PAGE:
Welcome to Eccles Automotive Glossary
To help you simplify things a bit, here is a glossary of common automotive innovations, some of which may not have existed the last time you bought a vehicle.
Adaptive Automatic Transmission
Some transmissions can “learn” and adapt to the driver’s style, altering shift points and other transmission functions to produce the most efficient operation.
Adaptive Cruise Control
One step beyond cruise control, adaptive cruise control uses a radar sensor mounted in the front of the vehicle to maintain a safe cruising distance between your vehicle and the vehicle in front of you. Most systems allow you to set the interval (distance between vehicles) and will then accelerate and brake (within reason) to maintain that interval. In many cases, the systems can take into account hilly terrain and passing situations. All have the ability to act like regular cruise control, and they still require the driver to steer the vehicle normally. Some automakers refer to it as “intelligent” cruise control.
Instead of steel coil or leaf springs, some vehicles have a bellows-like unit at each corner that contains pressurized air. As a rule, air suspensions can produce a softer ride.
Provides better ride or handling. A variety of systems are used to vary shock-absorber firmness. Some automatically sense road conditions and adjust shock-absorber settings accordingly. Others include a switch on the dashboard or console that allows the driver to adjust shock-absorber settings to provide a softer or firmer ride, or sharper handling.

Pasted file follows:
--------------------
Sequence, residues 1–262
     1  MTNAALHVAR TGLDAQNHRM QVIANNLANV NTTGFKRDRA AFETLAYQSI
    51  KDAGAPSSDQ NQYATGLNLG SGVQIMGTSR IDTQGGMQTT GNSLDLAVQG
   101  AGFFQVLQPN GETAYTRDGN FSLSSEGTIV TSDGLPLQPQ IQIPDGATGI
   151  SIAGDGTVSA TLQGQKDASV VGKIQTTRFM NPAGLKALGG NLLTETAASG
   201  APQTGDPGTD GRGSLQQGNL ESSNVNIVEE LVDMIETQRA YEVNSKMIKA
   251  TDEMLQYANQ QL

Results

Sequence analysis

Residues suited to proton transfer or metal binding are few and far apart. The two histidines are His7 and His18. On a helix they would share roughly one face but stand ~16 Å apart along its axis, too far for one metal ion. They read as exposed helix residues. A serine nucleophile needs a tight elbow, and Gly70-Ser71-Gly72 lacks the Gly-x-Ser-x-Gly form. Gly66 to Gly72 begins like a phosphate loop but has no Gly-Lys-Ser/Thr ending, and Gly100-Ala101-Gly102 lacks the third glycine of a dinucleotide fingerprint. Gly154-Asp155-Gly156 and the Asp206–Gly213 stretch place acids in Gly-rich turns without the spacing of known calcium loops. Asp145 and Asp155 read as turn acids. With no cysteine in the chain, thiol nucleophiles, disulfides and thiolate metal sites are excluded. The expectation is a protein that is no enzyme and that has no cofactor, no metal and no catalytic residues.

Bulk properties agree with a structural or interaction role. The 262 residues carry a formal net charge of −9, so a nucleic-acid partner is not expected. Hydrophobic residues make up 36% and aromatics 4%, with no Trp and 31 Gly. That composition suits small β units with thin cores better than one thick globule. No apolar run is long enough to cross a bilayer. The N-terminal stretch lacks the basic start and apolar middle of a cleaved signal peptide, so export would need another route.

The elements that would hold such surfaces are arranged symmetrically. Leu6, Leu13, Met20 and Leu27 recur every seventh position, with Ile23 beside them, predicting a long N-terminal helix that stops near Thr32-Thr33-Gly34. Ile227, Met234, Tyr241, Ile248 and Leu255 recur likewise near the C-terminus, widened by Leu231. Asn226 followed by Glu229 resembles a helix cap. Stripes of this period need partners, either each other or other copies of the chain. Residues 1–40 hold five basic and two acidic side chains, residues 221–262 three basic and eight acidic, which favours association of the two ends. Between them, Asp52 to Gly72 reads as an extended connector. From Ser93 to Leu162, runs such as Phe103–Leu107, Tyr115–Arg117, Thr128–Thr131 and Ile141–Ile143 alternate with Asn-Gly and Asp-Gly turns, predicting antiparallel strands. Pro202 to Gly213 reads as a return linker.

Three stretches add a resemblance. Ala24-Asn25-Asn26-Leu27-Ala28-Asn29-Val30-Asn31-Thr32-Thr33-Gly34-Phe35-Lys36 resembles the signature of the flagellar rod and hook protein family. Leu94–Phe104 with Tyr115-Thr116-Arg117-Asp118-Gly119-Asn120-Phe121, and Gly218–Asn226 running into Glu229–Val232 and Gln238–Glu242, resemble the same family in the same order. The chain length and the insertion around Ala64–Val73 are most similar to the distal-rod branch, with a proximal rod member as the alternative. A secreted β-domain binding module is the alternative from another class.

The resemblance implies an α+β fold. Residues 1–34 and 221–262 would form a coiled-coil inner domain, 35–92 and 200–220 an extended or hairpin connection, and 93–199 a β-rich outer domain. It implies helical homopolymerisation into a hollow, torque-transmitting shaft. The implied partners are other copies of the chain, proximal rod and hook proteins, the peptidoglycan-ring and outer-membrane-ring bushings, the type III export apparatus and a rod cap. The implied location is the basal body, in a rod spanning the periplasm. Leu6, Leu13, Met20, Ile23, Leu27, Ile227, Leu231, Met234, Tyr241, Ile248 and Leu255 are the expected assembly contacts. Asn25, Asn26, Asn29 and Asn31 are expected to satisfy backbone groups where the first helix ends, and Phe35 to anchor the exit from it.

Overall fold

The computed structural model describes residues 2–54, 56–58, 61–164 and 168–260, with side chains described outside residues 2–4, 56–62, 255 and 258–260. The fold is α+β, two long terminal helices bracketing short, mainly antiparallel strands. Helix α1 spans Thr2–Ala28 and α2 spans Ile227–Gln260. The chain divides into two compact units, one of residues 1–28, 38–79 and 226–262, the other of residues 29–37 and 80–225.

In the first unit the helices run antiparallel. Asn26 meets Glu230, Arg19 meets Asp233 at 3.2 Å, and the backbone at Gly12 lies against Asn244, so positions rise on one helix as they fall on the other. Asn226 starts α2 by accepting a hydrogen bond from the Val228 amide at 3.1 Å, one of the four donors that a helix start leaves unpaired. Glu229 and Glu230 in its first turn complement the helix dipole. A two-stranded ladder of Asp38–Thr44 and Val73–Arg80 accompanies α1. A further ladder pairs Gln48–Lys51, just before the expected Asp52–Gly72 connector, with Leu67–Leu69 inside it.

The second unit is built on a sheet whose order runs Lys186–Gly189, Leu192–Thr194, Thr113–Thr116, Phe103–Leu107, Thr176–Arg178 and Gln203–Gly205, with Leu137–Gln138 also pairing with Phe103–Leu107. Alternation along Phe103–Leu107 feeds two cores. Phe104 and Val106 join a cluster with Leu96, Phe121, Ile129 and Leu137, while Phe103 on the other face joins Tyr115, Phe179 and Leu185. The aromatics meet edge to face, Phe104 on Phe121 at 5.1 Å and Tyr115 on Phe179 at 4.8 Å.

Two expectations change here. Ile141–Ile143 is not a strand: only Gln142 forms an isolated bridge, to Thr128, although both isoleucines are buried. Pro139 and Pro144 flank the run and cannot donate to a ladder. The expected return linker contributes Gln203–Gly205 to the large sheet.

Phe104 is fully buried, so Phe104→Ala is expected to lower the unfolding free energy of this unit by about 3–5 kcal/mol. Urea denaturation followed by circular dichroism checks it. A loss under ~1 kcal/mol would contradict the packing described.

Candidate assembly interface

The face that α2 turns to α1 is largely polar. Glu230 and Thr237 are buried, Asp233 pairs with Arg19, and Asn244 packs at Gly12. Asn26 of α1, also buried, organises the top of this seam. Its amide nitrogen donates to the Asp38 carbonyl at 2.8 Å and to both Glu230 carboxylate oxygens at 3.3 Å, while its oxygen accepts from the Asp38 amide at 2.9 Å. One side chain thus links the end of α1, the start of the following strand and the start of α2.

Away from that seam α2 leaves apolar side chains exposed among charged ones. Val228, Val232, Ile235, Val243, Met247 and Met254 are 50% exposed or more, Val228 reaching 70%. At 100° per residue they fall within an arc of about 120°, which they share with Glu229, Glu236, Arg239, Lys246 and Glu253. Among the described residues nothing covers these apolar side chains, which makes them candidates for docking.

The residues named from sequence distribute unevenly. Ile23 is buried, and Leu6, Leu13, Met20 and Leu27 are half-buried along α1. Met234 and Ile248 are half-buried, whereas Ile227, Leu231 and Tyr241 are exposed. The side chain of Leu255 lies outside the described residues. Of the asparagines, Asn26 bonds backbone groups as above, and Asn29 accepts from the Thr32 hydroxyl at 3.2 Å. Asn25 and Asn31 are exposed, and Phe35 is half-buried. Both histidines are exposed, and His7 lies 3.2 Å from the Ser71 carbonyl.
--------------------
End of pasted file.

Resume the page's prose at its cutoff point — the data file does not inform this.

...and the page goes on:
Anti-Lock Brakes (ABS)
Helps maintain control in emergency stops. Particularly useful on slick pavement. While the driver applies steady pressure to the brake pedal, the system automatically “pumps” the brakes many times per second to prevent wheel lock-up.
Helps maintain control in fast turns. Works whether or not the brakes are applied. Sensors automatically apply individual brakes to prevent a sideways skid. Some systems also cut back on the throttle, slowing the engine. It’s also known as an electronic stability system or stabilization program.
Automatic Climate Control
A heating and air conditioning system that adjusts itself as needed, to maintain a pre-set temperature.
Automatic Transmission With Manual-Shift Capability
Allows manual gear changes, when desired, in an automatic transmission. Functions as a traditional automatic transmission when left in Drive, but includes a slot in which the shift lever can be moved to change gears manually. Sometimes, buttons for shifting manually through the gears are located on the steering wheel. This affords some of the advantages of a manual transmission, such as greater control of engine speed for better throttle response, but eliminates the need for a clutch pedal.
The ability of a radio system to work with Bluetooth wireless connectivity, to function in concert with a cellular phone.
Designed to shorten stopping distance in a “panic” stop. Applies full braking power even if the brake pedal is not fully depressed. Sensors gauge the speed at which the driver initially depresses the brake pedal and determine whether full emergency stopping power is warranted.
Continuously Variable Transmission (CVT)
Operates like an automatic transmission, with no need for a clutch pedal, but contains no gears. Instead, power is transmitted in a continuous flow from the engine to the drive wheels.
Curtain Side Airbags
Designed to cushion and protect occupants’ heads. Located on both the left and right sides of the vehicle, curtain side airbags deploy from above the front and rear side windows in a side-impact collision. Advanced systems deploy the bags when sensors detect an impending rollover. The bags inflate within a fraction of a second and deflate after a few seconds. They also help shield occupants from broken side glass. In some vehicles with three rows of seats, the curtain airbags do not reach backseat occupants.